August 28, 2018
IntelBrief: The Cycle of Killing the ISIS leader in Afghanistan
The U.S. is stuck in a familiar pattern: for years after the September 11, 2001 attacks, the U.S. military killed a long line of al-Qaeda ‘number 3’ leaders. This kept pressure on the group—and possibly kept it off balance, at least enough to keep it from committing another spectacular attack against the U.S. Yet overall, even the killing of Usama Bin Laden, an important symbolic and actual military and intelligence accomplishment, has done little to counter the group’s status as a world-wide symbol of global jihad and as a specific threat to Afghanistan and the tribal areas of Pakistan. The war of attrition inevitably favors the locals, and the underlying and aggravating issues that allow groups like al-Qaeda to persist in Afghanistan are not improving.
Now the U.S. is the position of trying to keep the Islamic State in Afghanistan/Khorasan(ISIS-K) off balance through periodic ‘decapitation strikes’ at leadership ranks that show no signs of thinning out. On August 25, the U.S. confirmed it had killed Abu Sayeed Orakzai,the head of ISIS-K. The strike was in Nangarhar province, the same province that saw previous strikes at high-level ISIS-K leaders. The latest strike will certainly create some temporary disruption within part of ISIS-K, especially if it creates doubts about a perceived or real intelligence source collaborating with the enemy from within the group. But overall, the trend of killing ISIS-K leaders and top commanders has not significantly degraded the group. Its conflict with the Taliban, and not the joint U.S.-Afghan strikes, is the most significant obstacle to its growth.
In April 2018, the U.S. announced the killing of Qari Hekmatullah, described as the ISIS-K leader in northern Afghanistan and an overall key commander for the group. It had been hoped that his death would put ISIS-K back on its heels but any such pressure on the group was, inevitably, short-lived. The tactically important killing of ISIS-K leader Hafiz Sayed Khan in July 2016, again in Nangarhar province, did not result in any strategic diminishment of the group. Pentagon deputy press secretary Gordon Trowbridge said on August 12, 2016 that ’Khan's death affects ISIL-K recruiting efforts and will disrupt ISIL-K's operations in Afghanistan and the region,’ which was true in terms of a temporary disruption of a seemingly permanent threat.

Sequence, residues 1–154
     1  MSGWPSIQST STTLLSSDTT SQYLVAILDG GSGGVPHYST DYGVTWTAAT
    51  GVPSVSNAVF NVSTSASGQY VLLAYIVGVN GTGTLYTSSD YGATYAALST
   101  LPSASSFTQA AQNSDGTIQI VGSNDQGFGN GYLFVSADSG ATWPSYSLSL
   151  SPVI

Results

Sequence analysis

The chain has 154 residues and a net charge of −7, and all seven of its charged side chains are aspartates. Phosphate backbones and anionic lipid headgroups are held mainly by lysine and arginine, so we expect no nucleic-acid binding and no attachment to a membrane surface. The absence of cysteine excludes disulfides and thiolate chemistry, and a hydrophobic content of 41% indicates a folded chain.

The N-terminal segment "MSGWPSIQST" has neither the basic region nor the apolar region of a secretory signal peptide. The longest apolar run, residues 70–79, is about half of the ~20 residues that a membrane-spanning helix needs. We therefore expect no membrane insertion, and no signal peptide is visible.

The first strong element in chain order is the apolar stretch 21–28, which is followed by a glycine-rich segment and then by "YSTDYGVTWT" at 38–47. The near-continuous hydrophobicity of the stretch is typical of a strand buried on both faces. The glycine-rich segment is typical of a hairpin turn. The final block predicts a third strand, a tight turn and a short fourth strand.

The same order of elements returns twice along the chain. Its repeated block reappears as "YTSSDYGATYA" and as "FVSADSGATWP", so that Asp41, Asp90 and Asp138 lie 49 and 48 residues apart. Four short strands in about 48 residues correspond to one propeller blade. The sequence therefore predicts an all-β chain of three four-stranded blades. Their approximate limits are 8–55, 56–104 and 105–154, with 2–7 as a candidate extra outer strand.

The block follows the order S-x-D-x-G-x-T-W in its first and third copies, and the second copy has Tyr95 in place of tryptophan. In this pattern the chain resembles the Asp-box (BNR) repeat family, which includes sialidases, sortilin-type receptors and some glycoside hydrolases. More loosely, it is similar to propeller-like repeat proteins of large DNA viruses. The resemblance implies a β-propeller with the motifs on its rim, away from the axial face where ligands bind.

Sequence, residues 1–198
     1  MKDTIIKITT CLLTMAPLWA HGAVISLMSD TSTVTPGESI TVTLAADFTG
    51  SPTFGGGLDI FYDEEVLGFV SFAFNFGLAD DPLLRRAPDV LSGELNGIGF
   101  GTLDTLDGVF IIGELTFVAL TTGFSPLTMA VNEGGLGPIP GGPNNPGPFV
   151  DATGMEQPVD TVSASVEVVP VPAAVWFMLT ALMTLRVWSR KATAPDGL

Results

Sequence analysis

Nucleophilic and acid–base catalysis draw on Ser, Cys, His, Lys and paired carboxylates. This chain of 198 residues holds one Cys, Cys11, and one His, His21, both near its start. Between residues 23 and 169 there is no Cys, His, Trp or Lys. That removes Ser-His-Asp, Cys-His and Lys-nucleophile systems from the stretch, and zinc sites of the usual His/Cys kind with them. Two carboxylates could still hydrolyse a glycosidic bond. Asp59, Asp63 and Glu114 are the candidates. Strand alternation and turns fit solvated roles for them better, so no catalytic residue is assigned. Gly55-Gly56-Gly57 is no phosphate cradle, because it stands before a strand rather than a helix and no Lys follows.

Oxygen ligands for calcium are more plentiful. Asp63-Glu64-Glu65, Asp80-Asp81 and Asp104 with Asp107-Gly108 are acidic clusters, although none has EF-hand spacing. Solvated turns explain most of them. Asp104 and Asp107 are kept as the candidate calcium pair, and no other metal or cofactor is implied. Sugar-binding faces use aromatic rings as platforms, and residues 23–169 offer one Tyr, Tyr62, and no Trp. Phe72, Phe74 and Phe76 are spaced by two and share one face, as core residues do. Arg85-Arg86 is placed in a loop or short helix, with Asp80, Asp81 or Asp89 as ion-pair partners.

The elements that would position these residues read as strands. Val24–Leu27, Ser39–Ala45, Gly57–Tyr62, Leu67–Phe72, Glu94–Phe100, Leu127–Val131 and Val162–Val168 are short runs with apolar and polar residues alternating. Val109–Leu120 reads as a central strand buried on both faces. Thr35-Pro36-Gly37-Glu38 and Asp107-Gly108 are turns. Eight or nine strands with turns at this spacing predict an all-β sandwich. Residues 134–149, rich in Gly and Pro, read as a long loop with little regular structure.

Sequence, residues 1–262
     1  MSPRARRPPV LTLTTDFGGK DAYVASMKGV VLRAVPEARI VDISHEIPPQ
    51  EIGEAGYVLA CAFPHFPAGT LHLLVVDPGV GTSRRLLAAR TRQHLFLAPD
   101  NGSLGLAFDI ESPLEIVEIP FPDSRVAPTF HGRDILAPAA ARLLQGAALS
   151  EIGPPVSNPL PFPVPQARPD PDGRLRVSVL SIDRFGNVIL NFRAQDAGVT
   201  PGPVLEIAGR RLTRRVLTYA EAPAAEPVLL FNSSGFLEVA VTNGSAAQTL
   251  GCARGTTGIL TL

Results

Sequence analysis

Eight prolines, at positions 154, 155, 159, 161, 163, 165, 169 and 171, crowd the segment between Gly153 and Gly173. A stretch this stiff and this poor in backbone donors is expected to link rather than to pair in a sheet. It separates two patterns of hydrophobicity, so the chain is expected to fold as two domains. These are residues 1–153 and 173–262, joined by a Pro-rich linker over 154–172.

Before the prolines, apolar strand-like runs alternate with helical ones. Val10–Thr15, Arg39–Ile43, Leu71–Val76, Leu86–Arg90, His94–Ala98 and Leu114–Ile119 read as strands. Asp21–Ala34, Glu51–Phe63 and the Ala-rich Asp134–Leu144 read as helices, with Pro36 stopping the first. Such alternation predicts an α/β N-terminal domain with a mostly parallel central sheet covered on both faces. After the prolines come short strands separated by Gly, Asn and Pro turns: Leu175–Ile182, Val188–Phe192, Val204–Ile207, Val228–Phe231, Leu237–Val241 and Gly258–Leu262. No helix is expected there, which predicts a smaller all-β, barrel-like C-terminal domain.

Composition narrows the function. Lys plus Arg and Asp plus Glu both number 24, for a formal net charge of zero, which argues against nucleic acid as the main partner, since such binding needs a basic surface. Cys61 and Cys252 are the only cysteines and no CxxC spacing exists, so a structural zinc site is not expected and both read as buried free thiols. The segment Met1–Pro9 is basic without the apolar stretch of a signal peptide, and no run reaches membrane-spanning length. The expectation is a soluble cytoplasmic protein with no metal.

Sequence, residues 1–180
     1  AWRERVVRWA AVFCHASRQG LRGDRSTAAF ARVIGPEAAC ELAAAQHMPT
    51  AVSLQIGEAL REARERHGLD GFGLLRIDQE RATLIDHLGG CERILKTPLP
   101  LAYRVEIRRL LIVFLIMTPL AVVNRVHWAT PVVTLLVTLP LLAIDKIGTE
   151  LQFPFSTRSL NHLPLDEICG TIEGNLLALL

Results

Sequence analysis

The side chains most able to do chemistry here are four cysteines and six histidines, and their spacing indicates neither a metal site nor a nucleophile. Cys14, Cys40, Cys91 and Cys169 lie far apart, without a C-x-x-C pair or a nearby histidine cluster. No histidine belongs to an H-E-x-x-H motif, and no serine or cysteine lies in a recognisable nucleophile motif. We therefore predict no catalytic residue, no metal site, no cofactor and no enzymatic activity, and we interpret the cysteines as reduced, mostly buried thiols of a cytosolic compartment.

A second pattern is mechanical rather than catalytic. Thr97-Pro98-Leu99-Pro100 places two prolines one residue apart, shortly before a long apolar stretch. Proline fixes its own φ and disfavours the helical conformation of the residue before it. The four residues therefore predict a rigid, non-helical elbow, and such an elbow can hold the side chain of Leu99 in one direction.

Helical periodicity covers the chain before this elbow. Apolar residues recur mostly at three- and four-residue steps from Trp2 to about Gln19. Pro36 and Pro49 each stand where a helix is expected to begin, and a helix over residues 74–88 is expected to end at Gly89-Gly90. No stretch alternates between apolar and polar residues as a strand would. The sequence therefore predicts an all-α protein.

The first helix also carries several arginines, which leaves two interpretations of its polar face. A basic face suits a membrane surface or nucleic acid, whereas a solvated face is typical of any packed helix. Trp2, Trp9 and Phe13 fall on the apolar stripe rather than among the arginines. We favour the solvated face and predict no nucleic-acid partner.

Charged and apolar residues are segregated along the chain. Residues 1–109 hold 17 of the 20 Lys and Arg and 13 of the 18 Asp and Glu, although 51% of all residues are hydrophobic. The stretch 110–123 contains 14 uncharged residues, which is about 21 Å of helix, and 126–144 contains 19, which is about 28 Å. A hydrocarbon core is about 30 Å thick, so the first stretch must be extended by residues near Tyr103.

In April 2017, nine months after the killing of Hafiz Sayed Khan, a joint U.S.-Afghan raid killed his replacement, Abdul Hasib, again in Nagarhar province. Three months later, Abu Sayed, who replaced Abdul Hasib, was a killed in Kunar province. Pentagon spokesperson Dana White stated that the killing of Abu Sayed ‘will significantly disrupt the terror group’s plans to expand its presence in Afghanistan.’
The U.S. has for years said the strikes against ISIS-K were to prevent the group from ‘getting a foothold’ in Afghanistan, yet the group has been there since at least 2015. It has more than a foothold—even if that foothold pales in comparison to the strength and territorial threat of the Taliban. Using the Taliban as a comparison is an inaccurate way to measure the group; al-Qaeda is a more accurate measure and by that measure, the war of attrition against ISIS-K top leaders will likely have the same results. The group will persist to be a threat that the current strategy in Afghanistan is unable to truly counter. The U.S. is in a second ongoing Afghan war of leadership attrition against a terrorist group with more than sufficient local support and recruitment.
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